SJS: I suppose I do think of Hayden Glass as a noir character. I hadn’t intended to, only because I had not read much noir before I started writing the series. I was reading Hemmingway, Kerouac, Steinbeck, Updike, Chuck Palahniuk, Charles Bukowski, John Fante. The Beat Generation writers could certainly be identified as noir characters, I suspect. I don’t think you can read William S. Burroughs without seeing a dark character. I like frail characters struggling in life, struggling with addiction, trying to figure things out. Life is big and scary and the real tough guys are usually the real sensitive ones. Hurting, they build a wall around their emotions. Or they drown in alcohol and drug addiction. Disassociate. I know, I lived two lives myself, once upon a time. I try to capture that journey in my writing.
I did read a lot of Jim Thompson as I was writing Boulevard, and that gave me a good model for complex, dark characters in tensely amoral situations.
JC: In BOULEVARD, I noticed a reference to Jim Thompson’s “Pop. 1280.” Can you talk about his significance in your life? And are there any other references that I haven’t yet caught?
SJS: I’m so glad you caught that. Man, you’re a focused reader. I love “Pop. 1280” for many reasons. The thing that really, really impresses me with Thompson’s work, especially “Pop. 1280,” is his sense of social responsibility. While the protagonist in the book is a dark individual, a killer who justifies his actions, he encounters characters who refer to African Americans as if they were only half-men. Thompson’s protagonists always challenge that way of thinking. And most of his work was written before the Civil Rights Movement. The title, “Pop. 1280,” refers to the population of the little town that the protagonist works in as the Sheriff. But a sheriff in a neighboring town says, “1280? What’s the real population, since the niggers only really count as half a man?” (I’m paraphrasing). And Thompson’s protagonist responds, “It’s 1280.” Jim Thompson challenged his times, he was forward-thinking. That’s probably my favorite Thompson book, although he’s written so many great ones – “The Killer Inside Me,” “After Dark My Sweet,” “The Getaway,” “The Grifters.” He also wrote to screenplays for Stanley Kubrick – “The Killing” and one of the best films ever made, “Paths of Glory.”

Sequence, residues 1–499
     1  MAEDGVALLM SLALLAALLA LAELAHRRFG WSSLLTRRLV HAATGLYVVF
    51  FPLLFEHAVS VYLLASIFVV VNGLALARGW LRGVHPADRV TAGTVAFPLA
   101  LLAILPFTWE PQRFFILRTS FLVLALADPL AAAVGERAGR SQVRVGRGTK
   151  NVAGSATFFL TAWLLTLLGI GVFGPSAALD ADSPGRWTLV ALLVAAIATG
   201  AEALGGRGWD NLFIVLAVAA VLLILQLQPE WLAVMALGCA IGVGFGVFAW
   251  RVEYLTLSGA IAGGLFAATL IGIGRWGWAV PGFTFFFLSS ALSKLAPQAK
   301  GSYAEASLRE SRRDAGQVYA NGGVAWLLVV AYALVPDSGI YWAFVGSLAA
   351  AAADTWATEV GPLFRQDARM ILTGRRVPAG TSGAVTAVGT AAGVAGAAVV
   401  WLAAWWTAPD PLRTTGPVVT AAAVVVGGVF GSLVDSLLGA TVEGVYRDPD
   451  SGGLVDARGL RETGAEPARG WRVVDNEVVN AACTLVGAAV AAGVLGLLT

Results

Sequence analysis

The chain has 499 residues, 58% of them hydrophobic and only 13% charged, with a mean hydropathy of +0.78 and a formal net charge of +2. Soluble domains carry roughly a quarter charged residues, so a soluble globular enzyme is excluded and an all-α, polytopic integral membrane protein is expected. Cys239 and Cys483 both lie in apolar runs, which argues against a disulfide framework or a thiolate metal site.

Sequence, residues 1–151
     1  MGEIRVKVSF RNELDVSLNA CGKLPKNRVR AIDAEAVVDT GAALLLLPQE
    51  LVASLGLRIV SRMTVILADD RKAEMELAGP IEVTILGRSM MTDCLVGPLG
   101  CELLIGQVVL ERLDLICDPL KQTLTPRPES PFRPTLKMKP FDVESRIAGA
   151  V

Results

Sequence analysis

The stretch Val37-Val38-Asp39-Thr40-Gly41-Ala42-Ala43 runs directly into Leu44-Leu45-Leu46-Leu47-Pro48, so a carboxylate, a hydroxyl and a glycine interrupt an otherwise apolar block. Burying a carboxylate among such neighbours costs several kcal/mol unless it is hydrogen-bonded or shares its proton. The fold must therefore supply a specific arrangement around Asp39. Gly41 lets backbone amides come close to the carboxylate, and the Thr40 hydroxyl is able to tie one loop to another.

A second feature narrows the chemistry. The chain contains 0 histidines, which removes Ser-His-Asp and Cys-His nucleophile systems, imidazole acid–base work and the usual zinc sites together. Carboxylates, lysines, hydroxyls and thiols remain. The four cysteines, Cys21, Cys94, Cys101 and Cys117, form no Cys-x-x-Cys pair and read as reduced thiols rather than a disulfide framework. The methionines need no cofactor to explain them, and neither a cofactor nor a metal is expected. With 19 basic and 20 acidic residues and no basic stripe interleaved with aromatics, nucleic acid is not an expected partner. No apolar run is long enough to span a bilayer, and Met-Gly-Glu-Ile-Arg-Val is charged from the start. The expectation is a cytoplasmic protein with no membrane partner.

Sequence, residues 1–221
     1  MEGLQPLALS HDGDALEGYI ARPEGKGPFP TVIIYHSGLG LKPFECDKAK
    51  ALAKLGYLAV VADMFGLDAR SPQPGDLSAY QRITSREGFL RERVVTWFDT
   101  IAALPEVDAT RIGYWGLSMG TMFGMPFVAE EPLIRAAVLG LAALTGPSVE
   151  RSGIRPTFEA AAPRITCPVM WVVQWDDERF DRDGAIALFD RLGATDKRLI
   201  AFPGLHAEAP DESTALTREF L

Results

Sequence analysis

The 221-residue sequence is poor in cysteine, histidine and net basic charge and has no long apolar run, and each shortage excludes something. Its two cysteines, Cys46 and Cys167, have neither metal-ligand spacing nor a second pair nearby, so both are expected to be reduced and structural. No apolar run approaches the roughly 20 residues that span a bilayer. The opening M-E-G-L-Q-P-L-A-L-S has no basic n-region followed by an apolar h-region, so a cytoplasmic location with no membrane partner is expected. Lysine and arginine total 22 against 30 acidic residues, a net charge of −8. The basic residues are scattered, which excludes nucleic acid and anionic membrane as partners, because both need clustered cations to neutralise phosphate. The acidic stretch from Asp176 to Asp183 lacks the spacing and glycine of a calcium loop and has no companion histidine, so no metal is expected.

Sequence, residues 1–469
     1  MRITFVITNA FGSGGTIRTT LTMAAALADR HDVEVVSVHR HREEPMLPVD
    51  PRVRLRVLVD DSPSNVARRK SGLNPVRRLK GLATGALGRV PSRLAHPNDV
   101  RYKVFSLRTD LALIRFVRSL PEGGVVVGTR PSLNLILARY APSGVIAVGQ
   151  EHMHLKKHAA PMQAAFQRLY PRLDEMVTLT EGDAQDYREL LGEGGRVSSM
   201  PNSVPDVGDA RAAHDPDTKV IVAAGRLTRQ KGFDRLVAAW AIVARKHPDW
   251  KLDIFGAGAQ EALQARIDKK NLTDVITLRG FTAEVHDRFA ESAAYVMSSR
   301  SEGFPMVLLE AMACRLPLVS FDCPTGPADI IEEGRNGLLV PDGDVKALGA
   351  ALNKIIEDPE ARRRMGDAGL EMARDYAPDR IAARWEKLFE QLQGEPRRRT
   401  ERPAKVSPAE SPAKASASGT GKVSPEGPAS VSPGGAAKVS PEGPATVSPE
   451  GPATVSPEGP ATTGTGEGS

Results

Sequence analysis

The other very big literary reference you didn’t catch…what is Tyler’s last name? Where does it come from? What about the Slough of Despond? There’s another literary model for Hayden’s journey…
JC: On a slightly different note, the last 15 years of television have been fertile ground for noir characters, from THE SOPRANOS to THE WIRE, from THE SHIELD to SONS OF ANARCHY and even into shows like LIFE and DEXTER. Are there any shows you currently watch to get your weekly noir fix?
SJS: I so wish I had time to watch television. It’s been books, books, books for about five years now. I read a book a week while I was writing Boulevard. I had to stop everything else.
However, my film/TV agent and manager are shopping Boulevard and Beat as a TV series, something like “Dexter” meets “Californication.” If we get the right showrunner then maybe we’ll be off and running. These things take a long, long time, generally.
On another note, my editor asked me to write a “Hayden” short story for us to give away on Kindle and other eBook venues, a little something to introduce people to his world. So I wrote a cool little ditty called “Crossing the Line,” which takes us back to Hayden’s younger days in the LAPD, just as he starts a stint in Vice. It marks the moment when Hayden first “crosses the line” with a prostitute he is supposed to arrest. It reveals the moment his addiction first pokes through. It should be available any day now.
Thanks for a fantastic, perceptive set of questions, Jared. It’s been a great dialogue.